I really enjoyed last month’s cover story. My immediate reaction when I read the title on the cover – “Will Weddings Ever Be the Same?” was “I certainly hope not!” I am hoping that when things get back to “normal” the circuses that we called weddings will be a thing of the past. Who really needs all that fuss and waste? Sure, it would be better to have more than just a handful of people on each side – but it just shows us how much time and money people wasted for a five-hour party. The important thing is to get married and build a life together.
Last issue’s feature article about community weddings during the pandemic was priceless. I had the privilege of being involved in a few weddings this past summer just like it. Only immediate family in attendance and close friends watching from afar. The love your family and friends shower on the married couple is the gift they take forward with them for the rest of their lives. While all my children enjoyed “typical” weddings with 300 people or more, I do hope that what we are learning now will help us navigate toward smaller, less expensive, less stressful, and more meaningful weddings in the future.
Sanctity of the Synagogue
I would like to commend the people involved in The Sanctity of the Synagogue project. I can’t think of a more important topic to address. The examples listed in the article of proper etiquette while in the synagogue were right on point. A pet peeve of mine are cell phones in the synagogues – especially when used during prayers.
With the exception of Hatzalah volunteers, phones should be not heard or seen in shul. If you must use it – finish praying, put away your tallet and tefillin, go outside the building, and then take out your phone.
It amazes me that we lived centuries without cell phones, and now we’re at a point that people can’t go 45 minutes without checking texts and emails. Do people get up in the middle of the night to check messages? Turn the phone off! Whatever messages are there can wait.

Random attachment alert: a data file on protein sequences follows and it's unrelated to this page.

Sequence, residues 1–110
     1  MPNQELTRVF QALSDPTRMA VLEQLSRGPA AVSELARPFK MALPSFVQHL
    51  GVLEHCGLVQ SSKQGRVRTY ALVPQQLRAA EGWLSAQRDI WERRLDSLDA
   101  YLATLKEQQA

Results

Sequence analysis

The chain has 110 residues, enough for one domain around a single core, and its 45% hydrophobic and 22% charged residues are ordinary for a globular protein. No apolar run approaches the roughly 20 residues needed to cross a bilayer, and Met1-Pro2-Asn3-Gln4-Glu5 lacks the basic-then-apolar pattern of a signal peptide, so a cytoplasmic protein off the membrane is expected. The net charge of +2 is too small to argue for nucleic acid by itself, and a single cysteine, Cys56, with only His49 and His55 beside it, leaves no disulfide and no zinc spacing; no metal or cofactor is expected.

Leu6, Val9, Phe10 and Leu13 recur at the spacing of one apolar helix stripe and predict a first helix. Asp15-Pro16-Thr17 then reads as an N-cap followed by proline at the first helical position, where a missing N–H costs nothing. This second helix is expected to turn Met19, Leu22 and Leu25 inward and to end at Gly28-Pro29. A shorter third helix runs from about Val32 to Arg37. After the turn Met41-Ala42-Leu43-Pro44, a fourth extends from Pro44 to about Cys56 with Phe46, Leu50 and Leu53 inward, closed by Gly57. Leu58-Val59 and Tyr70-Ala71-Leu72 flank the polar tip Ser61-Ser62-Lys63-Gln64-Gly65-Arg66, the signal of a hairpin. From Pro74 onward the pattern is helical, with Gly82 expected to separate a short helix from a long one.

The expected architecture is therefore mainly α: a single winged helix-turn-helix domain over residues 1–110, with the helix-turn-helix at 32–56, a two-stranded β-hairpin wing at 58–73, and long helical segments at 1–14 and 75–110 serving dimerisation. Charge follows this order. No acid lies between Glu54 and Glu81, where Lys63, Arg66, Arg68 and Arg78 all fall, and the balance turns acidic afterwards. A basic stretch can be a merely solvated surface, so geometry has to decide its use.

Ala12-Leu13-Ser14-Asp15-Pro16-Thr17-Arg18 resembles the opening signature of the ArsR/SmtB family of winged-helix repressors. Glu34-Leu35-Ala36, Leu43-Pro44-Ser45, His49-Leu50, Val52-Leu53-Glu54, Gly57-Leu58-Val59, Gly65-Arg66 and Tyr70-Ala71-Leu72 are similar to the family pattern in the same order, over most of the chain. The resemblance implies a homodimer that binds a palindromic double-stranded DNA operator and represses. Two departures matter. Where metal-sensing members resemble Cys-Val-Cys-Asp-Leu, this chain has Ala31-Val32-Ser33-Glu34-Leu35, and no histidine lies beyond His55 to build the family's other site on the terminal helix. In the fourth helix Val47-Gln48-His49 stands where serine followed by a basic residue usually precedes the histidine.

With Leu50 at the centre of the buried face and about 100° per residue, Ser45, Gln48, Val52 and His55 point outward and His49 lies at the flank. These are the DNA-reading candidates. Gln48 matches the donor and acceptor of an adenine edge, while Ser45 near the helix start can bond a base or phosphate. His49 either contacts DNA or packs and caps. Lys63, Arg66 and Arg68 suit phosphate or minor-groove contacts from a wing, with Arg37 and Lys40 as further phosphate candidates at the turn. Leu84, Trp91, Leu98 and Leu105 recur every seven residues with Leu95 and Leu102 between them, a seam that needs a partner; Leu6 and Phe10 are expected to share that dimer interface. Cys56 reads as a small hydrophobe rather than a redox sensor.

This same message applies to levayas, weddings, and shiurim. We really need to get our priorities straight.
One of my favorite columns in your magazine is “Ask Jido.” I especially liked the advice Jido gave to the man who got snubbed by his friends when his wife was sick with Covid. It was a super message on breaking down the repercussions of resentment, a major factor in destroying relationships. Jido offered very practical advice about how to overcome it and the importance of letting things go.
Like almost everyone else, I used to carry grudges, then the weight of carrying so many of them started to weaken me physically and spiritually. Now, I refuse to carry a grudge or permit anyone else to carry one about me.
I’m so excited about your new recipe column – Dinner Done! My whole family enjoyed the Maple Salmon recipe so much that I went out and bought the book. I have not yet tried any of the recipes as of yet, but I am very impressed with what I have seen so far. The book caters to those who want more-or-less homemade, more-or-less healthy meals with relatively little hands-on time. Perfect for me!